My opinion is that the best colour would be one that is correct for the age of car. A sharp, modern colour on an old car looks wrong unless the owner is deliberately making a custom car, in which case the wheels and interior also need to look custom.

 

Both colours you've presented look like beautiful shades but to my eyes they look like modern colours. Are they?

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Roger,

I like the dark gray / red leather combination better, but I'm certain that which ever way you decide to go, the results will be stunning. It has certainly been a long journey up to this point - thrilling and inspiring for us as observers, challenging and involved for you as the artist.  All of us have enjoyed the privilege of going along for the ride.

 

Dave Reeves

New York, USA

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Roger, I thought I would throw my two pennies in on the color choices.  I think the blue would look nice, but a shade not as dark as what you have on the trunk.  I think a lighter shade of blue would look great.  Not a pastel type, but something more toned down.  Something not as intense.  The whole project is looking great!  

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Roger,

Silicons hit on something that I was pondering after seeing several Continentals show up at our car club meeting here in Rancho Santa Fe, CA.  One was a light blue with white interior, another was black with a black interior (both original and very well preserved).  The third was a copper metallic with a copper/white interior.  VERY STRIKING. IT was completely restored and was perfect.  I do not know if it (the copper) was an original color selection for the mid 50's offered to the buyer. The owner of the car had stepped away and I did not get a chance to ask him.   I had a 1965 Lincoln Continental 2 dr. Sedan back in the 70's that was a trade in at the local Lincoln/Mercury dealership.  It had 38,000 miles on it and I paid $800.00 for the car.  It was in perfect condition with the paint starting to fade. But after I buffed it out, it looked great.  It was a copper/bronze metallic color with the same color scheme for the interior. No contrast so I got tired of it and sold it. Used cars were very inexpensive back then.  If I had just hung onto a few of the cars that I owned...................................................:-(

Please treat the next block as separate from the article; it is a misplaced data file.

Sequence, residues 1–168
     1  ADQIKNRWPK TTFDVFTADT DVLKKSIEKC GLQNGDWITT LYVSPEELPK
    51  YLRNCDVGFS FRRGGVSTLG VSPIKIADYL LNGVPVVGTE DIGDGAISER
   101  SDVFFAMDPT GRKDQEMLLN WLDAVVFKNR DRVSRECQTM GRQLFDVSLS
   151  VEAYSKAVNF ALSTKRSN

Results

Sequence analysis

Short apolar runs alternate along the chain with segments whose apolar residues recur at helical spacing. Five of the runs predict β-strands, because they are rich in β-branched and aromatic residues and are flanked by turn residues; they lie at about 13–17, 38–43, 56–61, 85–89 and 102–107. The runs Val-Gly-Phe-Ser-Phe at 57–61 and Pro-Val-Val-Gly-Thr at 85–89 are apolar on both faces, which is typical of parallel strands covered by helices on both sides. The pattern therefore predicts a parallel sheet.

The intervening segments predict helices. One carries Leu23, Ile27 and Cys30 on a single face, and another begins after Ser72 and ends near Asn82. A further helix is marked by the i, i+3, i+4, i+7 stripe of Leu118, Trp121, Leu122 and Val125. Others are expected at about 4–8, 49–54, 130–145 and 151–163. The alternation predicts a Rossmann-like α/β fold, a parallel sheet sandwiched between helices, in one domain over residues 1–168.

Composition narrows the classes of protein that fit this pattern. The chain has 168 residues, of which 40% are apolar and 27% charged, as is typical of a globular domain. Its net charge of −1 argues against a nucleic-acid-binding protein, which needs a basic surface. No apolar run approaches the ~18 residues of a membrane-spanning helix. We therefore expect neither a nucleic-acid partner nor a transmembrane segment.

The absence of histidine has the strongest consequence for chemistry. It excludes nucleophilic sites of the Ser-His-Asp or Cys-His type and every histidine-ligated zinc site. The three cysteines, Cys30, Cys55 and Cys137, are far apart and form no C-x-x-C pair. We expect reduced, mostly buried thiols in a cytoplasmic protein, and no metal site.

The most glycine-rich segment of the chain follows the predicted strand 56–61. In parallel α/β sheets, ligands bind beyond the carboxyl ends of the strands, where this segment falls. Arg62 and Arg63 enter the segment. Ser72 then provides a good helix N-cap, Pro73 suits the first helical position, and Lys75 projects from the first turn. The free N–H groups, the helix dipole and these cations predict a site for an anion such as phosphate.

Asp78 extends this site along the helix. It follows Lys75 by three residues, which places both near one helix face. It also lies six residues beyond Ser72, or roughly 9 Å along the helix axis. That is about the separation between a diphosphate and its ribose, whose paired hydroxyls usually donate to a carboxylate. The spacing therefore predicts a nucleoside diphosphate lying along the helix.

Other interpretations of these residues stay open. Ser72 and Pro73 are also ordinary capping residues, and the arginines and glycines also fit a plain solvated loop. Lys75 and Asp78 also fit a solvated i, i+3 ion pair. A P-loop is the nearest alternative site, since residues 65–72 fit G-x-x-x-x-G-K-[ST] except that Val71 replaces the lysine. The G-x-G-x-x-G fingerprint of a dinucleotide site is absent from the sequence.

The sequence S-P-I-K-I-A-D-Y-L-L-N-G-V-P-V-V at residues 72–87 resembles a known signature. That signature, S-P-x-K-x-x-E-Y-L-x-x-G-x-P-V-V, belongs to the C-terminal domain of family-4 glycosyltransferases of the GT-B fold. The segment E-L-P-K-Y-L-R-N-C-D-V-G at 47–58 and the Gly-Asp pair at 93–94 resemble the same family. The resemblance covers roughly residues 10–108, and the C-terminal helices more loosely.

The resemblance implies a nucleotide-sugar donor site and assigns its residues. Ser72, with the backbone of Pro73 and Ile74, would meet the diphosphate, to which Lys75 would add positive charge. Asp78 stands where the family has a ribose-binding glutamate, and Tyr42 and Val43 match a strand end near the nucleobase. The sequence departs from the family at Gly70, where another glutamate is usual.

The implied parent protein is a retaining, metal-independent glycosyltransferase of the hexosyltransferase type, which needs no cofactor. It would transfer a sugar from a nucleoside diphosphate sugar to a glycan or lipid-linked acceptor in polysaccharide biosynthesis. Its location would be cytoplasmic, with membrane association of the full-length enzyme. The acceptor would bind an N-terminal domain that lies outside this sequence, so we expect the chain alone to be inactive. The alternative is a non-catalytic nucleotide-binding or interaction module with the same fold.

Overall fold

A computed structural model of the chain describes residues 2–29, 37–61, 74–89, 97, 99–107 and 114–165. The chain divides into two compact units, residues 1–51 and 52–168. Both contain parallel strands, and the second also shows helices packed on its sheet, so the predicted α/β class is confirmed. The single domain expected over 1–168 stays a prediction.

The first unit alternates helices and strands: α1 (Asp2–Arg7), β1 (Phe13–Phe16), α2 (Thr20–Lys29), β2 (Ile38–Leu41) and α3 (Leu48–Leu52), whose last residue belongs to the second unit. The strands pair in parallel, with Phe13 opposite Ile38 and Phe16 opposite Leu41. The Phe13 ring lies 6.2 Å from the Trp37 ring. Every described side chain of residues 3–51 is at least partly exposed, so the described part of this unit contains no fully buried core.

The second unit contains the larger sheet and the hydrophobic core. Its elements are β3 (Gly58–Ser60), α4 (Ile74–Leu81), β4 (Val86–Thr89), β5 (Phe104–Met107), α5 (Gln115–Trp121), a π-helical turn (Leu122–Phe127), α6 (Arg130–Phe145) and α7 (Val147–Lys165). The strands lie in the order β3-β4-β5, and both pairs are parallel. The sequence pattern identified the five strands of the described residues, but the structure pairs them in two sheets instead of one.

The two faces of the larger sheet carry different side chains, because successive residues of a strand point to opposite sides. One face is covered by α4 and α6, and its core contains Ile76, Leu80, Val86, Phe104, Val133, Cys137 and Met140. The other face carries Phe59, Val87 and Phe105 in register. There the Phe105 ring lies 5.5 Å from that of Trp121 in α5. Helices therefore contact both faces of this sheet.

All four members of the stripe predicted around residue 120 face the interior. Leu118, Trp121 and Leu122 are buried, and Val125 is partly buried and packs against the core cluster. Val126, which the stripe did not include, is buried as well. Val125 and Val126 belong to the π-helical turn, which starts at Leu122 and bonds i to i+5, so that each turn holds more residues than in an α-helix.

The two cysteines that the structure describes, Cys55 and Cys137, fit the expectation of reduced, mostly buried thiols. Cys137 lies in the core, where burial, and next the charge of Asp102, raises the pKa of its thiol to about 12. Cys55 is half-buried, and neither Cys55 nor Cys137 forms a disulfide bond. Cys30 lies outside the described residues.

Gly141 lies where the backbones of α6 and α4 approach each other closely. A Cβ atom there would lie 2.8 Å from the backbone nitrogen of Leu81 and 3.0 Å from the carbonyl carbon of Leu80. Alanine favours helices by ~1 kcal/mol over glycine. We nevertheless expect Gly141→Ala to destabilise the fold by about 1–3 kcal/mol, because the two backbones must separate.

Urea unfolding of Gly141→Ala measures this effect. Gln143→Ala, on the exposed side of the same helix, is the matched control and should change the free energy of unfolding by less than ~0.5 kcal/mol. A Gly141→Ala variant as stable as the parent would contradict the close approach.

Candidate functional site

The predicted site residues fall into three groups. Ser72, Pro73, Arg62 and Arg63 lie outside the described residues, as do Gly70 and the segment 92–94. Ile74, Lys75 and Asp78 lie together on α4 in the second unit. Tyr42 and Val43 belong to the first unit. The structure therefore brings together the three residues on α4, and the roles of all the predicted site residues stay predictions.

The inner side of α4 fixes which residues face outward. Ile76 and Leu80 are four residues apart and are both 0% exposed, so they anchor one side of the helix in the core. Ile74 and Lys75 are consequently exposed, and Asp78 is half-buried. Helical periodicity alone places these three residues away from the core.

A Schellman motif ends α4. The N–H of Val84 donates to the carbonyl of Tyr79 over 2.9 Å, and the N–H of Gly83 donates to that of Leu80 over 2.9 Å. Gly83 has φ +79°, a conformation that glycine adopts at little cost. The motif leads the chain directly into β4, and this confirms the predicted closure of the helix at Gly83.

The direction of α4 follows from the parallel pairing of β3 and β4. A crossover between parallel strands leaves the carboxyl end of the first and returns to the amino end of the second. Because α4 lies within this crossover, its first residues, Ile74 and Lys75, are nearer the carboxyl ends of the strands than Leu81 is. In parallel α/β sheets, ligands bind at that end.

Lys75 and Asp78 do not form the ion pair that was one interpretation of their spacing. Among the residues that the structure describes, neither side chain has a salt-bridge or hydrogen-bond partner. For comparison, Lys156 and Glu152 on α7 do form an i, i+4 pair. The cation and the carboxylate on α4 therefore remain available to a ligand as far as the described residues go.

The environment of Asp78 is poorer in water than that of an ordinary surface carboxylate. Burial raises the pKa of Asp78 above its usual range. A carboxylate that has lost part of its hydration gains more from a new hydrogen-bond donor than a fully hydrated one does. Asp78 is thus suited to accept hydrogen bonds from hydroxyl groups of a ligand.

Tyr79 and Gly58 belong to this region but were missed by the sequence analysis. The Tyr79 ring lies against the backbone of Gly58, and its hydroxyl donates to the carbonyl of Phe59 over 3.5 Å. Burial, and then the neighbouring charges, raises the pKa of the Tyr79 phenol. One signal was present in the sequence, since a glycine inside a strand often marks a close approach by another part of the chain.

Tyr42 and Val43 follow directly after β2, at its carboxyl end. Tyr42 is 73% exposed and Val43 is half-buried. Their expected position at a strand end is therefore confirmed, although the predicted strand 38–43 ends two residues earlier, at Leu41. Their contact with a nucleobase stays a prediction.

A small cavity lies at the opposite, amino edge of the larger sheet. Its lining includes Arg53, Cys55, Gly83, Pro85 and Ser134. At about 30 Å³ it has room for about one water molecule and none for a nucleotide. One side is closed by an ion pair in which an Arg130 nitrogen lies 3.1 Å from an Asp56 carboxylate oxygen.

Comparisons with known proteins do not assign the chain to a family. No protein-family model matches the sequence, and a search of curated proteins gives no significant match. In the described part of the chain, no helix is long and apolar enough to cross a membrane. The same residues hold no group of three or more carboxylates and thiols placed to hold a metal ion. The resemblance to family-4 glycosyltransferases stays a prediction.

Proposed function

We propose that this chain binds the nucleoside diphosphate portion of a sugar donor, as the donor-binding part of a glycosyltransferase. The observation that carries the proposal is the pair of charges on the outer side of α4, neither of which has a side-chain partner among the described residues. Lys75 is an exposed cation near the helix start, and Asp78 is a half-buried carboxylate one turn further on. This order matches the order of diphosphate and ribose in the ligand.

With  a  1:12 scale, the color is a tough choice.    I keep harking back to the time that I was in Jr. High.  Our local doctor had purchased the Continental for his "Sunday"  car for the family outings.  It was a light, sky blue with a white interior.  Extremely striking.  Even though it was 10 years old, it still had more class going down the road that any newer car.  It was timeless in design and sophistication.  The light sky blue stuck in my memory to this day. 

 

Roger,  I do not know if it is a tough decision for you.  One that you have been pondering for quite some time, after spending 7-8 years on the car, paint it the color that YOU like.

 

What ever color you choose, I am sure that you will get it right.  It is nice of you to ask our opinions for feed back.  I had one heck of a time picking the color for my Spider till I saw a car zzooooming by me on the freeway.  I sped up and saw the Toyota badge on the trunk.  Right then and there, I drove to the dealership and pinned down the color.  Nautical Metallic Blue.  Not an original FIAT color but striking.  Now I have the car painted and with a bone colored leather interior, it is very nice.

 

This car is a class act 1:1 or 1:12th scale.  It must be very hard for you to select the color and the feedback may help.  If I had to opt for a color, I would go with the grey but not so dark. Maybe a little lighter shade of Metallic Grey. And coupled with the burgundy leather interior.  STRIKING !  I hope that you are able to find the metalic paint with a smaller metal flake.  Do you have Testors or Tamaya available?  I am sure that they are available in the hobby stores.  With the hobby paint, I am sure that they have the metallic with the smaller flake in the paint for a more scale application.   And a local auto paint store can take the paint and put it in an aerosol "shaker" can for you.  That way, you have the comfort level of using a spray can.  Just a thought.